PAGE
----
I then realized that the reason I needed this accomplishment was due to the fact that I needed to appear a certain way to people. That my seemingly selfish and self-centered pursuit was orchestrated because I loved who it made me become. I was someone better who was better for other people, adored by other people, and inspire other people to greater things. There was a deep part of myself that wanted to be different than other so that I would have value in their eyes, and just as deeply, I needed to affect people.
I needed to matter.
Now the mountaineering was more selfish than not, but I realized then that people are inextricable from their social context. Greatness comes not from the brilliance of an individual alone, but a light which shines brighter in some places than others. I also realized that light is not meant to shine, simply for shining's sake, but to shed light in others darkness.
Thinking about this, I wonder about Johnny Waterman. He was a product of tragic and difficult circumstance, but in the end I ask "What did his legacy amount to?" What legacy and feat is so great that it will always be remembered and never be duplicated? Time is long and our memories are short. Will time and generations reaching into far millennia really remember the deeds of today? Will they remember one lonely individual toiling up a long and snow-crenellated mountain ridge?
I ask, "What did Guy Waterman, Johnny's father remember?" In the end he just wanted his son.
In this, I identified with Johnny Waterman's tragic tale. Where the people in his life vanished from and disappointed him; he turned to carve his name with stone in the pages of time. I realized the greatest legacy is not a name attached to a deed that is remembered all the days. The greatest legacy is the people we have contact with in the every-day. Those people we pray with and people we play with. Those people we bless and those people we curse. Our legacy is the families we leave behind to do their own deeds. What renown outlives a bloodline that endures the generations? What deed outlives an incarnate legacy that may forget a name, but everyday lives out the choices of his or her forebears?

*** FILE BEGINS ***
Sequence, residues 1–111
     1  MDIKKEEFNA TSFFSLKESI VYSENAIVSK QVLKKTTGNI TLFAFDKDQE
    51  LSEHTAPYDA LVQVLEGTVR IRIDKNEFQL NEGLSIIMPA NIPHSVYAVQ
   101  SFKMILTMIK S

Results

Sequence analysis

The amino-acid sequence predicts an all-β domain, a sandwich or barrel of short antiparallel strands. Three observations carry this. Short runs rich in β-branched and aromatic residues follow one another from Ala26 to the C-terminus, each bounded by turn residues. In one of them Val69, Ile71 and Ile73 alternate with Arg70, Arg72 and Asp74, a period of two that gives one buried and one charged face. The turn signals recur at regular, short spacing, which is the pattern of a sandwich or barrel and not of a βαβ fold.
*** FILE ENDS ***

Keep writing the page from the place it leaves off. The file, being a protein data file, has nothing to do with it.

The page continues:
Now, I think pushing ones limits and pursuing goals is a good and healthy thing. Yet there are too many stories of passionate souls given over to the love of sport and danger. There are too many stories of people who have died in pursuit of legacies wrought of folly and misguided zeal. Now I suppose there is truly some benefit to being great, but I fear becoming like those willing to sacrifice relationships or even one's own life.
What goal, pursued in the name of vibrant life, is worth attaining even if that very life is lost in the process?
Rather in the midst of Johnny Waterman's journey, and reflecting on my own, I think that I will decide to choose a long life. I think it to be sad irony to cut ties from my family and friends, set on consuming myself within the heat of the sun. To seek brief, and brilliant greatness that will be a speck totally lost in the overwhelming light of the sun. Rather I will live on in the light of day, flying high only when it is to lead others to a place where they can better see the grandiose world beneath.